Food Poisoning: Practice Essentials, Background, Pathophysiology (2023)

Table 1.Causes of Food Poisoning.

Causative Agents

Source and

Clinical Features


Diagnosis and



Improperly stored foods with high salt or sugar content favors growth of staphylococci.

Intense vomiting and watery diarrhea start 1-4 h after ingestion and last as long as 24-48 h

Enterotoxin acts on receptors in the gut that transmit impulses to the medullary centers

Symptomatic treatment

B cereus

Contaminated fried rice (emetic)

Meatballs (diarrheal)

Emetic: Duration is 9 h, vomiting and cramps

Diarrheal: Lasts for 24 h

Mainly vomiting after 1-6 h and mainly diarrhea after 8-16 h after ingestion; lasts as long as 1 d

Emetic enterotoxin (short incubation and duration) - Poorly understood

Diarrheal enterotoxin (long incubation and duration) - Increasing intestinal secretion by activation of adenylate cyclase in intestinal epithelium

Symptomatic treatment

C perfringens

Inadequately cooked meat, poultry, or legumes

Acute onset of abdominal cramps with diarrhea starts 8-24 h after ingestion.

Vomiting is rare. It lasts less than 1 d.

Enteritis necroticans associated with C perfringens type C in improperly cooked pork (40% mortality)

Enterotoxin produced in the gut, and food causes hypersecretion in the small intestine

Culture of clostridia in food and stool

Symptomatic treatment

C botulinum

Canned foods (eg, smoked fish, mushrooms, vegetables, honey)

Descending weakness and paralysis start 1-4 d after ingestion, followed by constipation.

Mortality is high

Toxin absorbed from the gut blocks the release of acetylcholine in the neuromuscular junction

Toxin present in food, serum, and stool.

Respiratory support

Intravenous trivalent antitoxin from CDC

Listeria monocytogenes

Raw and pasteurized milk, soft cheeses, raw vegetables, shrimp

Systemic disease associated with bacteremia

Intestinal symptoms precede systemic disease

Can seed meninges, heart valves, and other organs

Highest mortality among bacterial food poisonings

Highly motile, heat-resistant, gram-positive organism

CSF or blood culture

Must treat with antibiotics if bacteremic

Enterotoxic E coli (eg, traveler's diarrhea)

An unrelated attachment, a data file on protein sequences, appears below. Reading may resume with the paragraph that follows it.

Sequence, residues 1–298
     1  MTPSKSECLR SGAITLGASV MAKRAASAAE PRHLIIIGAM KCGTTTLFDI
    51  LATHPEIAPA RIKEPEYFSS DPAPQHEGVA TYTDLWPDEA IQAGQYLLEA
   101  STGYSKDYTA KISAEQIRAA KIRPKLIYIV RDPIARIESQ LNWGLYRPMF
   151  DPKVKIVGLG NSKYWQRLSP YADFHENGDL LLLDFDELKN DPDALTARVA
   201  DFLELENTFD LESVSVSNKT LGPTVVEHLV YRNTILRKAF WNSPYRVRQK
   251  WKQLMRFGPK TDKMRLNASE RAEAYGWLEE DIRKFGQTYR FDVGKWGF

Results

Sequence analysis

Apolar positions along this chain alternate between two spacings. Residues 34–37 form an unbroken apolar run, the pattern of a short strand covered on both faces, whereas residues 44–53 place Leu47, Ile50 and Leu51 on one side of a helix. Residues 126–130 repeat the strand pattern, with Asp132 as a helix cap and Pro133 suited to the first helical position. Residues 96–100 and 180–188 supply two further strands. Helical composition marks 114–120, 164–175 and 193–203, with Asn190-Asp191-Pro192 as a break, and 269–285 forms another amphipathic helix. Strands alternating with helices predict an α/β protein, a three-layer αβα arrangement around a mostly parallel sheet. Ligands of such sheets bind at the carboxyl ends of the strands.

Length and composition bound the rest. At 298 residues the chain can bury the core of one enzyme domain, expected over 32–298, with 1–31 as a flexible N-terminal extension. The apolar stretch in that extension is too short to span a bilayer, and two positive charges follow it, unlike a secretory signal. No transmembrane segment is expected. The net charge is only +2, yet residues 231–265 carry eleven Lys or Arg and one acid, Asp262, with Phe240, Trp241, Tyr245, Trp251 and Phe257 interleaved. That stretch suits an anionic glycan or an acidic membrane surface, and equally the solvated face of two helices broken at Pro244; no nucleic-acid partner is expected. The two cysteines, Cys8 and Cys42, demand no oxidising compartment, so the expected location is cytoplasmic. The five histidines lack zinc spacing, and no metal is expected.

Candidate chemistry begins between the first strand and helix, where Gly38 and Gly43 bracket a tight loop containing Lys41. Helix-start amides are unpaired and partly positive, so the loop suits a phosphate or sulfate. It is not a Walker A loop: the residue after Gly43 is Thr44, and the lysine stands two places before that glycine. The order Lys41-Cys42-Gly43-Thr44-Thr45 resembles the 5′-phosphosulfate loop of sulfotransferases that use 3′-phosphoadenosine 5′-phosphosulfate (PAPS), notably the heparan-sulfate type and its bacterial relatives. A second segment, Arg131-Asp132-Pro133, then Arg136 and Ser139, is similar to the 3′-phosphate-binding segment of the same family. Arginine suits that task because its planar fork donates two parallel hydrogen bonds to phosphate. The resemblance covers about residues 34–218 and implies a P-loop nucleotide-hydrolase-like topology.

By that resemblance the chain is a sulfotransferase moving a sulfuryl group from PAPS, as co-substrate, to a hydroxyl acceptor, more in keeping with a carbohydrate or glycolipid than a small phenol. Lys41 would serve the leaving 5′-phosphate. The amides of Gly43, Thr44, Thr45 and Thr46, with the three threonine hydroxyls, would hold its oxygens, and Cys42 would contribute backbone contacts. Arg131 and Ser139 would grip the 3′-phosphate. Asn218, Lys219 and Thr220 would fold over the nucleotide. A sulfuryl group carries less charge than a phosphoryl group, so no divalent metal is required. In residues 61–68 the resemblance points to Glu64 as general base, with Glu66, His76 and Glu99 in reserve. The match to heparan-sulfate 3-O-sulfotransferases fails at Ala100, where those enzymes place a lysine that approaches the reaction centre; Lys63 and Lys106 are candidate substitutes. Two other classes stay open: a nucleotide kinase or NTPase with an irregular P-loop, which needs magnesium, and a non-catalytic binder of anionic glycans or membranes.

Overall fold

Contaminated water and food (eg, salad, cheese, meat)

Acute-onset watery diarrhea starts 24-48 h after ingestion

Concomitant vomiting and abdominal cramps may be present. It lasts for 1-2 d

Enterotoxin causes hypersecretion in small and large intestine via guanylate cyclase activation

Supportive treatment

No antibiotics

Enterohemorrhagic E coli (eg, E coli O157:H7)

Improperly cooked hamburger meat and previously spinach

Most common isolate pathogen in bloody diarrhea starts 3-4 d after ingestion

Usually progresses from watery to bloody diarrhea. It lasts for 3-8 d

May be complicated by hemolytic-uremic syndrome or thrombotic thrombocytopenic purpura

Cytotoxin results in endothelial damage and leads to platelet aggregation and microvascular fibrin thrombi

Diagnosis with stool culture

Supportive treatment

No antibiotics

Enteroinvasive E coli

Contaminated imported cheese

Usually watery diarrhea (some may present with dysentery)

Enterotoxin produces secretion

Shigalike toxin facilitates invasion

Supportive treatment

No antibiotics

Enteroaggregative E coli

Implicated in traveler's diarrhea in developing countries

Can cause bloody diarrhea

Bacteria clump on the cell surfaces

Ciprofloxacin may shorten duration and eradicate the organism

V cholera

Contaminated water and food

Large amount of nonbloody diarrhea starts 8-24 h after ingestion. It lasts for 3-5 d

Enterotoxin causes hypersecretion in small intestine

Infective dose usually is 107 -109 organisms

Positive stool culture finding

Prompt replacement of fluids and electrolytes (oral rehydration solution)